THE METHANOL PLANT IN EQUATORIAL GUINEA is owned by two American independents, Marathon Oil and Noble Energy, as well as  the government parastatal  SONAGAS, the National Gas Company of Equatorial Guinea. The plant started production in 2001 and produces in excess of 1,000,000 metric tons of methanol per year, or just greater than 1% of the global market. It is fed with natural gas from the Marathon operated Alba field. Again, it is true that a significant volume of gas from Alba field is exported as LNG through the Equatorial Guinea LNG, but those same reservoirs feed the 155MW Malabo Gasfired Power Plant.

Now that Alba field is in decline, it is gas from Alen field, operated by another independent, Noble Energy, that Equatorial Guinea has turned to for replenishment.

In Ghana, about 120MMscf/d of natural gas from the Jubilee field, operated by the UK based Tullow Oil, has been a more reliable fuel for the country’s electricity plants than the gas exported from Nigeria by a company majorly owned by Shell and Chevron(and operated by the latter), which have been stuck at around 60MMscf/d for the past three years. The Italian giant, ENI, has just completed a gas supply system from the Sankofa field that will deliver 180MMscf/d, but it is important to note that the foundation for local supply of natural gas to electricity plants in West Africa’s second largest economy was laid by independents (Kosmos and Anadarko are Tullow’s partners).

In Gabon, it has been Perenco, not TOTAL, not Shell, that has been supplying natural gas to power plants in Libreville and in Port-Gentil. The gas is produced onshore, treated to specification and delivered at pressure through a 450 km, 36MMscf/d capacity gas pipeline across the country. It is a major contribution to national power needs and industrial development.

In Nigeria, Shell likes to claim the credit for helping to inaugurate the Gas to Power market, but the contribution of the majors to the country’s bourgeoning domestic gas industry is on the wane. Shell has divested its largest domestic-purpose gas processing plants. Seven Energy (now Savannah) and Oando have each been more daring in constructing midstream gas supply pipelines in the country than any major. Seplat, the London listed independent founded by Nigerians, now supplies close to 400MMscf/d of gas to the domestic market and the molecules are mainly used for electricity generation.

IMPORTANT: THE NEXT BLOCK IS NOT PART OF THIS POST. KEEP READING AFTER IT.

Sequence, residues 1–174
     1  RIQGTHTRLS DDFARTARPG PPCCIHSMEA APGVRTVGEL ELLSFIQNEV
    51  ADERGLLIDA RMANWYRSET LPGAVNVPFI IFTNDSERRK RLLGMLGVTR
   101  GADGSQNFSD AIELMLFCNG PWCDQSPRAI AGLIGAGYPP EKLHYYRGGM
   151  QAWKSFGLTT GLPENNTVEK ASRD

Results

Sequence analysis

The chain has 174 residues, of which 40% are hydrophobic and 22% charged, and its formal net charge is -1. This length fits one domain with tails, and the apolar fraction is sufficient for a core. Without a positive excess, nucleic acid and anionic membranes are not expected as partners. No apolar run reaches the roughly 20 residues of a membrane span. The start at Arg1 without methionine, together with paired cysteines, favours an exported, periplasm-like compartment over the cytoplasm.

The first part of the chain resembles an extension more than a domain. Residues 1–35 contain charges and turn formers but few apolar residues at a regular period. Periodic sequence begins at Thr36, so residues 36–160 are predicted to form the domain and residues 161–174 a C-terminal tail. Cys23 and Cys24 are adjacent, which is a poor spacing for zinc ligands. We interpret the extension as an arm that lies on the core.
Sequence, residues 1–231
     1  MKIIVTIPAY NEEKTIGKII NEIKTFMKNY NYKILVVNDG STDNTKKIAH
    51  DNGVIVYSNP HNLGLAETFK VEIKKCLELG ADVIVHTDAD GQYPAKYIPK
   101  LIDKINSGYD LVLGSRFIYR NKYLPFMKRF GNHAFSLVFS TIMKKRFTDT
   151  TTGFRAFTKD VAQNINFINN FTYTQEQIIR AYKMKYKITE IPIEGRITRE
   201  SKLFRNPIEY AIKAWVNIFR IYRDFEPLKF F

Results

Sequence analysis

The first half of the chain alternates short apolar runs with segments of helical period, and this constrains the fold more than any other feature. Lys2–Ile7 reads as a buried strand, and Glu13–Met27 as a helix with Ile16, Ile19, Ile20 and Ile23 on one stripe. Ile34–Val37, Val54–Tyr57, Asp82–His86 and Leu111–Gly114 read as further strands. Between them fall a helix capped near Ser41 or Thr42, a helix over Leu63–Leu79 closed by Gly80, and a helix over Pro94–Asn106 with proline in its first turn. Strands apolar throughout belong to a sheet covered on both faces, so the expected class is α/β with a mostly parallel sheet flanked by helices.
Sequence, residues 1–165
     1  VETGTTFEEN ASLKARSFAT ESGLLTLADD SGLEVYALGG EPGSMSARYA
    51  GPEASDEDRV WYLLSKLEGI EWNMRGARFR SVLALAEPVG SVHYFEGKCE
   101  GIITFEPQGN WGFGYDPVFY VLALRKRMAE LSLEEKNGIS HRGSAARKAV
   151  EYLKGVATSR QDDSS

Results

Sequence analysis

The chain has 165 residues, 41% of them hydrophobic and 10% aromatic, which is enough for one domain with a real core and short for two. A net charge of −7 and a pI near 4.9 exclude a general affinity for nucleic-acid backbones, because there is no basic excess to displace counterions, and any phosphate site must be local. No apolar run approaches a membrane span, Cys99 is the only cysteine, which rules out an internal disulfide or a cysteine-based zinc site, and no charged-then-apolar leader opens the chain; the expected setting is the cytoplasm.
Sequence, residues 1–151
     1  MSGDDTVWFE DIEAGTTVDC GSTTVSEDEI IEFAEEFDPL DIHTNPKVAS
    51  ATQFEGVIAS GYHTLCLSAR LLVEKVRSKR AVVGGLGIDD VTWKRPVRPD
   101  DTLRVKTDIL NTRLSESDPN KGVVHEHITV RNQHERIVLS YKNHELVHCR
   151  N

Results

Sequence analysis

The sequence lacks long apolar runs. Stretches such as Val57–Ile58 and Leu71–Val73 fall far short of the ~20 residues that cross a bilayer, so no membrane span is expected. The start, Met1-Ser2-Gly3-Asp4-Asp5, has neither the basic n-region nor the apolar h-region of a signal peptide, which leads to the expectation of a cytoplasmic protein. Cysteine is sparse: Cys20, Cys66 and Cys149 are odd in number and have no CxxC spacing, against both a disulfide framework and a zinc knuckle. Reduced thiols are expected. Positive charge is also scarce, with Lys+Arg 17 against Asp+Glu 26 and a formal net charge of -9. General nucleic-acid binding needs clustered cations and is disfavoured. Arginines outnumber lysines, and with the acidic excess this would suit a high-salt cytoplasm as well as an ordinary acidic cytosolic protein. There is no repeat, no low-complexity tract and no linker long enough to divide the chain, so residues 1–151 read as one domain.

What’s more, while the only crude oil refinery outside of the NNPC operated sub performing refineries is owned by Niger Delta Petroleum. Now, two other small refineries are under construction by Nigerian independents. One is the 5,000BOPD Ibigwe Refinery, promoted by Waltersmith Petroman; the other is the 7,000BOPD OPAC Refinery, which is being developed by Pillar Oil and partners. Of course the largest refinery under construction in the country is the 650,000BOPD Dangote Refinery, but how do you classify Dangote Industries?

LONG BEFORE BG, THE DEFUNCT BRITISH GAS COMPANY, discovered large deposits of gas offshore Tanzania, the country had been growing a domestic gas market on the back of the onshore and shallow water reserves, estimated at around eight trillion cubic feet (8Tcf). This market was created and developed by small companies. Today, Orca Exploration, originally from Canada but now very Tanzanian; Paris based, Indonesian owned Maurel et Prom and the AIM and Oslo listed Wentworth Resources are, in partnership with the government, collectively responsible for Tanzania’s 160MMscf/d domestic gas industry, which is vibrant and growing.